8.2. Problem Statement for Mobility-Management

This section discusses an IP mobility support in V2I networking. In a single subnet per RSU, vehicles continually cross the communication coverages of adjacent RSUs. During this crossing, TCP/UDP sessions can be maintained through IP mobility support, such as MIPv6 [RFC6275], Proxy MIPv6 [RFC5213][RFC5949], and Distributed Mobility Management (DMM) [RFC7333][RFC7429]. Since vehicles move fast along roadways, high speed should be enabled by the parameter configuration in the IP mobility management. With the periodic reports of the movement information from the vehicles, TCC can coordinate RSUs and other network compoments under its control for the proactive mobility management of the vehicles along the movement of the vehicles.

To support the mobility of a vehicle's moving network, Network Mobility Basic Support Protocol (NEMO) can be used [RFC3963]. Like MIPv6, the high speed of vehicles should be considered for a parameter configuration in NEMO.

Mobility Management (MM) solution design varies, depending on scenarios: highway vs. urban roadway. Hybrid schemes (NEMO + PMIP, PMIP + DMM, etc.) usually show better performance than pure schemes. Most schemes assume that IP address configuration is already set up. Most schemes have been tested only at either simulation or analytical level. SDN can be considered as a player in the MM solution.

9. DNS Naming Service

This section surveys and analyzes DNS naming service to translate a device's DNS name into the corresponding IP address, and then discusses problem statement for DNS naming service in vehicular networks.

9.1. Existing Protocols

9.1.1. Multicast DNS

Multicast DNS (mDNS)[RFC6762] allows devices in one-hop communication range to resolve each other's DNS name into the corresponding IP address in multicast. Each device has a DNS resolver and a DNS server. The DNS resolver generates a DNS query for the device's application and the DNS server responds to a DNS query corresponding to its device's DNS name.

9.1.2. DNS Name Autoconfiguration for IoT Devices

DNS Name Autoconfiguration (DNSNA) [ID-DNSNA] proposes a DNS naming service for Internet-of-Things (IoT) devices in a large-scale network.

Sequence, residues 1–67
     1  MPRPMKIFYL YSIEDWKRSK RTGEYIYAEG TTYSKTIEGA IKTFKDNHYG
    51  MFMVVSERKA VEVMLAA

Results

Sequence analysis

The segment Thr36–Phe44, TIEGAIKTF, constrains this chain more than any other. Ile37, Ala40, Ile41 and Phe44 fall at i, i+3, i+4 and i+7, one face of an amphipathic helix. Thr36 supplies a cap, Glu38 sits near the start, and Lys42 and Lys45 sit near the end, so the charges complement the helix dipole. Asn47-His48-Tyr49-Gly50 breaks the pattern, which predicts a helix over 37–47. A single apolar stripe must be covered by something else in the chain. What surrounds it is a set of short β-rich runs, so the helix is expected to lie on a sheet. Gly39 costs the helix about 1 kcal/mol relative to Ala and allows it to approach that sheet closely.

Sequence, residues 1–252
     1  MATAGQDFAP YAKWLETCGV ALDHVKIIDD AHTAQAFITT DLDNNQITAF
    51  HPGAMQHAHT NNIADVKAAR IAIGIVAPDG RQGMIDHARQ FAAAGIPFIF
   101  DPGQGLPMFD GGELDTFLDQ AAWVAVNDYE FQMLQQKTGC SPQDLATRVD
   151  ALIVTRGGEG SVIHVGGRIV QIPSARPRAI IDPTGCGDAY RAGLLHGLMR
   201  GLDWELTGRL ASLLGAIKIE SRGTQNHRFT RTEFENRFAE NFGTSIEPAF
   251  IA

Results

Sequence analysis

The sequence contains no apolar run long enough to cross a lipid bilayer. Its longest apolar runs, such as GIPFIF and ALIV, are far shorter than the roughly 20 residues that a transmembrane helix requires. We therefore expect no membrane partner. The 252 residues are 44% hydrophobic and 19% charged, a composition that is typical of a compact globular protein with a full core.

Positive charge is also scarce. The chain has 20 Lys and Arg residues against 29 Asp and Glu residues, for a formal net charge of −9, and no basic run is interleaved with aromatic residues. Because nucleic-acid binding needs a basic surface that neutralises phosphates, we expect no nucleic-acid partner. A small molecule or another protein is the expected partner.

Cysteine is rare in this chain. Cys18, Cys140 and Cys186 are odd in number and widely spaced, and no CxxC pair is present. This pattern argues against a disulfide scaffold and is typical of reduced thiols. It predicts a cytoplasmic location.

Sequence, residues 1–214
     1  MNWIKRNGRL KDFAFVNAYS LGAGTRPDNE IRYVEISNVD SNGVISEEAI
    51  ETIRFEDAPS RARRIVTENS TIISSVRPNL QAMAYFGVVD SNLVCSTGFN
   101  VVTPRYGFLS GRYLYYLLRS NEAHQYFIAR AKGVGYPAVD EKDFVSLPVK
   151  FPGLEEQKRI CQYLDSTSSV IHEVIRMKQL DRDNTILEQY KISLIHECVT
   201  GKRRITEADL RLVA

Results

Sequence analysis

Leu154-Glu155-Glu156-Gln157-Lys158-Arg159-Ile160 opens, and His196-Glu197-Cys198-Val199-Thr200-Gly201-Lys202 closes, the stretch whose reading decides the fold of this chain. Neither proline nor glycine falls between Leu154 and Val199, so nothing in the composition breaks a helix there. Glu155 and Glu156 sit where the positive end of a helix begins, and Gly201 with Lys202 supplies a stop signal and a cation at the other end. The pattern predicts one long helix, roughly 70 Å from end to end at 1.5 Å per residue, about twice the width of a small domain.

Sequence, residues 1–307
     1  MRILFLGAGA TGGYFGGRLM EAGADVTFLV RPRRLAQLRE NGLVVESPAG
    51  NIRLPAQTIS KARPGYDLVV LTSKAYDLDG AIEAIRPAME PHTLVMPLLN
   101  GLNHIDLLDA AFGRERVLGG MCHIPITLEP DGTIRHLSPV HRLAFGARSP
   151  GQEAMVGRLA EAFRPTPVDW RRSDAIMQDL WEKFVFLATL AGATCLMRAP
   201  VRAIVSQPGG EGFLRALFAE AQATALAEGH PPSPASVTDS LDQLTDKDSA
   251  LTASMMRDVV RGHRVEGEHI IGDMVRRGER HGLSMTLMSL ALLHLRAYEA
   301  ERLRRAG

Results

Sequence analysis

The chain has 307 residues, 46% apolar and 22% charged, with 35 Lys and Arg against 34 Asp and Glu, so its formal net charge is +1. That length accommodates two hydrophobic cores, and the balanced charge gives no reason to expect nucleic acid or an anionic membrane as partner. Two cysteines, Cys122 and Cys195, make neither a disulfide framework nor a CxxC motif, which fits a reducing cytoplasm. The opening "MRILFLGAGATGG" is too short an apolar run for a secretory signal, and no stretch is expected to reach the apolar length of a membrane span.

The DNS naming service of DNSNA consists of four steps, such as DNS name generation, DNS name duplication detection, DNS name registration, and DNS name list retrieval.

First, in DNS name generation, DNSNA allows each IoT device to generate its own DNS name with a DNS suffix (acquired from ND or DHCP) and its device information (e.g., vendor, model, and serial number).

Second, in DNS name duplication detection, each device checks whether its generated DNS name is used by another IoT device in the same subnet.

Third, in DNS name registration, each device registers its DNS name and the corresponding IPv6 address into a designated DNS server via a router. The router periodically collects DNS information of IoT devices in its the subnets corresponding ot its network interfaces.

Last, in DNS name list retrieval, a user can retrieve the DNS name list of IoT devices available to the user through the designated DNS server. Once the user retrieves the list having a DNS name and the corresponding IP address(es), it can monitor and remote-control an IoT device.

9.2. Problem Statement

The DNS name resolution translates a DNS name into the corresponding IPv6 address through a recursive DNS server (RDNSS) within the vehicle's moving network and DNS servers in the Internet [RFC1034][RFC1035], which are located outside the VANET. The RDNSSes can be advertised by RA DNS Option or DHCP DNS Option into the subnets within the vehicle's moving network.

mDNS is designed for a small ad hoc network with wireless/wired one-hop communication range. If it is used in a vehicle's mobile network having multiple subnets, mDNS cannot effectively work in such a multi-hop network. This is because the DNS query message of each DNS resolver should be multicasted into the whole mobile network, leading to a large volume of DNS traffic.

DNSNA is designed for a large-scale network with multiple subnets. If it is used in a vehicle's mobile network having multiple subnets, DNSNA can effectively work in such a multi-hop network. This is because the DNS query message of each DNS resolver should be unicasted to the designated DNS server.